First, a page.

Isolation of chromium resistant bacteria from a former bauxite mine area and their capacity for Cr (VI) reduction
The Cr (VI) reducing capacity of bacteria has been investigated in many different soils and waters but little or no information is available from soils originating from bauxite mine areas. From soil, mud and rhizospheres of the floating aquatic plant Potamogeton natans L. and the terrestrial plant Carduus acanthoides L., the Cr content was determined and the microbial populations were sampled. The highest total chromium concentration (204.6 mgkg-1) was found in the rhizosphere of C. acanthoides. To determine the numbers and percentages of chromate-resistant bacteria, the autochthonous microbial populations were subjected to different Cr (VI) concentrations (40, 100, 300 and 1000 mM as K2Cr2O7). At 1000 mM Cr (VI) in the medium, about 25% of bacteria from soil and 45% of bacteria from the rhizospheres were resistant. Of 34 bacterial isolates, within 24 h, only Bacillus stearothermophilus 12 ms, Pseudomonas sp. 12 bk3 and Serratia fonticola 7 be were able to reduce 50 μM Cr (VI). Using prolonged 72 h incubation, they were able to reduce 500 μM Cr (VI) concentrations added to the medium. These chromate-resistant bacteria isolated from rhizosphere of plants growing in bauxite mine soil have great potential for bioremediation of Cr (VI)-polluted wastes.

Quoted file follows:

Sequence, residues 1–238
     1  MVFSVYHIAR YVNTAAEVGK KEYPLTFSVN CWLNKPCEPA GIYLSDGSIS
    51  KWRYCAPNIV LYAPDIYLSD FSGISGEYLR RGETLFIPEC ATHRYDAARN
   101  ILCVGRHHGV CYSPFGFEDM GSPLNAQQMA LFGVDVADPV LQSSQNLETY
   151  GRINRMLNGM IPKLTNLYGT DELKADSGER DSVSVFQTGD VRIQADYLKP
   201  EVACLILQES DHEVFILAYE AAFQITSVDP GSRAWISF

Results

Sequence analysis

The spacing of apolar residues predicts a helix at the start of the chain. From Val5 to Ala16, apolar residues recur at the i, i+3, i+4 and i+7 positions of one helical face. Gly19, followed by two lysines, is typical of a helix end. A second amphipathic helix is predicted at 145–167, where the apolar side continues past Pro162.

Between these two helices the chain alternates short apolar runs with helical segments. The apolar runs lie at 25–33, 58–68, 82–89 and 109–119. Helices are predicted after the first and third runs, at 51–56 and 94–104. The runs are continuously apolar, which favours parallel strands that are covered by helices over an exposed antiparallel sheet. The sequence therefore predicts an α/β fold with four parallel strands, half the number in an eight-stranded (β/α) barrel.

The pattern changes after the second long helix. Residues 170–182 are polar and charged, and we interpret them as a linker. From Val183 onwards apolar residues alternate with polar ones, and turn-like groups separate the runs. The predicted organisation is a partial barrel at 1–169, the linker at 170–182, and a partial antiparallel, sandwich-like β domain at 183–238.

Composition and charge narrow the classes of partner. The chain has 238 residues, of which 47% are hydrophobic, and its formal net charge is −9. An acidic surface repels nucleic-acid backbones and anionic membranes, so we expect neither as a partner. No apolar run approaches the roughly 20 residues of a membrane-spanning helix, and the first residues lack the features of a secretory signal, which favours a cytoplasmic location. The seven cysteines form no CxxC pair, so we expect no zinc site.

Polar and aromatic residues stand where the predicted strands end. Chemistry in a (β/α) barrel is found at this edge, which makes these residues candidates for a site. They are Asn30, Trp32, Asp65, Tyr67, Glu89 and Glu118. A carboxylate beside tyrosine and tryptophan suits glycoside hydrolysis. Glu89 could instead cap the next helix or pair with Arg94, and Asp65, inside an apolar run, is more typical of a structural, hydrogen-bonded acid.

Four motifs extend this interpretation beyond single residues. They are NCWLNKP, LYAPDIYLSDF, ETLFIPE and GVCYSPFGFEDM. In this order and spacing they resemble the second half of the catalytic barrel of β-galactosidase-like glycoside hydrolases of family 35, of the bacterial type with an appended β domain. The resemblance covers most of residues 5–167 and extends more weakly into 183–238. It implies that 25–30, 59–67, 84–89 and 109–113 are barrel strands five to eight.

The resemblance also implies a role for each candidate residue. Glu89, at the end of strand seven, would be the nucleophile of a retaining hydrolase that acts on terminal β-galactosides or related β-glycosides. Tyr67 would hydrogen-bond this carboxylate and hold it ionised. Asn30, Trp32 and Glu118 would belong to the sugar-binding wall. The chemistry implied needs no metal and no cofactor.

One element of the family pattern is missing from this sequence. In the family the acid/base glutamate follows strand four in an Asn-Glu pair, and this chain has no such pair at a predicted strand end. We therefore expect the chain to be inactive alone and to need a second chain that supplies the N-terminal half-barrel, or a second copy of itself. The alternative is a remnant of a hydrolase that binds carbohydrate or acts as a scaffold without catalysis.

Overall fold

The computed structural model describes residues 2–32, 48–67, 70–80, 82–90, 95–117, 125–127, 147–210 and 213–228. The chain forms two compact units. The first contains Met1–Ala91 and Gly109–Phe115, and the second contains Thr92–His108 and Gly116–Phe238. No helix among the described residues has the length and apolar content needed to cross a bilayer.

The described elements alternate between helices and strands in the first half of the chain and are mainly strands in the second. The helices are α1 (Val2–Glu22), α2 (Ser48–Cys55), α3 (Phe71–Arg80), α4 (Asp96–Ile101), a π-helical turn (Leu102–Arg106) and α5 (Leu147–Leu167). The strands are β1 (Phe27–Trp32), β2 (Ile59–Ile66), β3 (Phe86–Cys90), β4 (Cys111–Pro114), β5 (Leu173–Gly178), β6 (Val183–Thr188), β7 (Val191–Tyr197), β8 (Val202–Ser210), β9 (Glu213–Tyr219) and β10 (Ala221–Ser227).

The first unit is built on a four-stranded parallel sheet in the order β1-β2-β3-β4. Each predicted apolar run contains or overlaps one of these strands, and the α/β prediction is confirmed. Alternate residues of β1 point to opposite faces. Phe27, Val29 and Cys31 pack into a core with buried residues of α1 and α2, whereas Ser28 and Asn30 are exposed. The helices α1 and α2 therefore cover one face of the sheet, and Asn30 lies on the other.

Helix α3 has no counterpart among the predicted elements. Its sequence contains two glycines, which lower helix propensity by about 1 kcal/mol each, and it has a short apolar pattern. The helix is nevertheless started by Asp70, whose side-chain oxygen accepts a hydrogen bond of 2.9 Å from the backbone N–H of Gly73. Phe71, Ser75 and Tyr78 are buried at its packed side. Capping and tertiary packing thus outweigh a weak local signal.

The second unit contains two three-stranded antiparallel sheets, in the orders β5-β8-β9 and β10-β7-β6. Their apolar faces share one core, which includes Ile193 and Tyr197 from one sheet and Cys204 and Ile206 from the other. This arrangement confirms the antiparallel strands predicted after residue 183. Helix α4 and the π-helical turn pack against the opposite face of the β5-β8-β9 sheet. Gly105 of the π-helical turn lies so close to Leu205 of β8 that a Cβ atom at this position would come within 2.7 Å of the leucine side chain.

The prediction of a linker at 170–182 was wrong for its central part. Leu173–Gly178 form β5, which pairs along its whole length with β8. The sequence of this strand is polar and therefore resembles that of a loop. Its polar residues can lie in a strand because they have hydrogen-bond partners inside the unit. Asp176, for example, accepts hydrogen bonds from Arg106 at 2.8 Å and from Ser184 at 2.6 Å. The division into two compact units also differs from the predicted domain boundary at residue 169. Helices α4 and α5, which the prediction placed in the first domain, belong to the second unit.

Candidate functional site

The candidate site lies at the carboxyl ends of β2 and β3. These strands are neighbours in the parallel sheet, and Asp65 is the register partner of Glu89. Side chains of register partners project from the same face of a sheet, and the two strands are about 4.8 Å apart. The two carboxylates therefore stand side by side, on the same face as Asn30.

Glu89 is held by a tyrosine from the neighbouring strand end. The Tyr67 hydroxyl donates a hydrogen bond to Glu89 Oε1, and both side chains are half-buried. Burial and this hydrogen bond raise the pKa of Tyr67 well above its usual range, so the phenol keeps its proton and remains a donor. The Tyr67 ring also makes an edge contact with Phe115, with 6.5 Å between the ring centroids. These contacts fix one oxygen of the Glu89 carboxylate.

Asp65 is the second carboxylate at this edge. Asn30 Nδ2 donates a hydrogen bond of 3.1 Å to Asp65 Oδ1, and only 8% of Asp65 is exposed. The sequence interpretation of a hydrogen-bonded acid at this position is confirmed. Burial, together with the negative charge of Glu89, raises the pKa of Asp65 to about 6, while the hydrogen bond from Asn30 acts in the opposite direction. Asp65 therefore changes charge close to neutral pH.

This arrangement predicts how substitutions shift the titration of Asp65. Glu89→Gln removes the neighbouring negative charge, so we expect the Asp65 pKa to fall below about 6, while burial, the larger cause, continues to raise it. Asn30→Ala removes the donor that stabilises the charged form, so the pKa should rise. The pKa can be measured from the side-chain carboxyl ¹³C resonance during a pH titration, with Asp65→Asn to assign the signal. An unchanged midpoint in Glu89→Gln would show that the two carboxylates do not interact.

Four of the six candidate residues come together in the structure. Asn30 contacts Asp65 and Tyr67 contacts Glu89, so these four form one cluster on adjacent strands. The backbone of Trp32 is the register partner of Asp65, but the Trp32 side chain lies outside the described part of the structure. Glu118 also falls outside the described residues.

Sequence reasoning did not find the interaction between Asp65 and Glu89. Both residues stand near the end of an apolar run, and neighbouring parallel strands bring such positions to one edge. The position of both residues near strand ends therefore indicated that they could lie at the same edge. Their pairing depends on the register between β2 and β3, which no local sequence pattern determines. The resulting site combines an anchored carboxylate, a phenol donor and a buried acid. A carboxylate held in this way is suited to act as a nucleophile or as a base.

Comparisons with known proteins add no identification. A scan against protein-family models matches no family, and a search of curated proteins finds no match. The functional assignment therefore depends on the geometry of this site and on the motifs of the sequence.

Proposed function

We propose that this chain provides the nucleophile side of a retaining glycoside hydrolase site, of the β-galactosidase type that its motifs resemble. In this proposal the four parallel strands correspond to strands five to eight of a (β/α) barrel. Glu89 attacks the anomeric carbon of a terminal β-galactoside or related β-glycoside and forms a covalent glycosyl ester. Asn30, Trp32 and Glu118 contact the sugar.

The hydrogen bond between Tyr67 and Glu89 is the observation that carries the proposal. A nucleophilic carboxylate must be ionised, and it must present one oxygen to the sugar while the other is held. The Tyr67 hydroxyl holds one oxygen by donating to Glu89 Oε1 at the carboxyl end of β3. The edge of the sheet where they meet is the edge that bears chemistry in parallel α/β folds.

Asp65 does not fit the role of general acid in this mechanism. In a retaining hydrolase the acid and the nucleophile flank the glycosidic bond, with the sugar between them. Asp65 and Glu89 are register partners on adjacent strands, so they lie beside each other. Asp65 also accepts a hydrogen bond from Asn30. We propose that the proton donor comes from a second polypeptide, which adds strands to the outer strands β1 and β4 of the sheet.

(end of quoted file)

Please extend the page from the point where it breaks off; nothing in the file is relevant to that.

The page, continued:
Key words: Chromate-resistant bacteria, chromate reduction, bauxite mine, rhizosphere, plants